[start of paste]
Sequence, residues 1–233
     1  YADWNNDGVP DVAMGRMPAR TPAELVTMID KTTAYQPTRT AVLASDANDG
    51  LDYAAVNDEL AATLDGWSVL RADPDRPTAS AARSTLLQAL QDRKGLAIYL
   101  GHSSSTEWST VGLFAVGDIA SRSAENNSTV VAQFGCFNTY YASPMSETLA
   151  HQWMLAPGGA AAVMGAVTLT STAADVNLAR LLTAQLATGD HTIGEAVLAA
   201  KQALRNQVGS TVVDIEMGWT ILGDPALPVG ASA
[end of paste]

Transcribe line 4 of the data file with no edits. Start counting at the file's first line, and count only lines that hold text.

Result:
   101  GHSSSTEWST VGLFAVGDIA SRSAENNSTV VAQFGCFNTY YASPMSETLA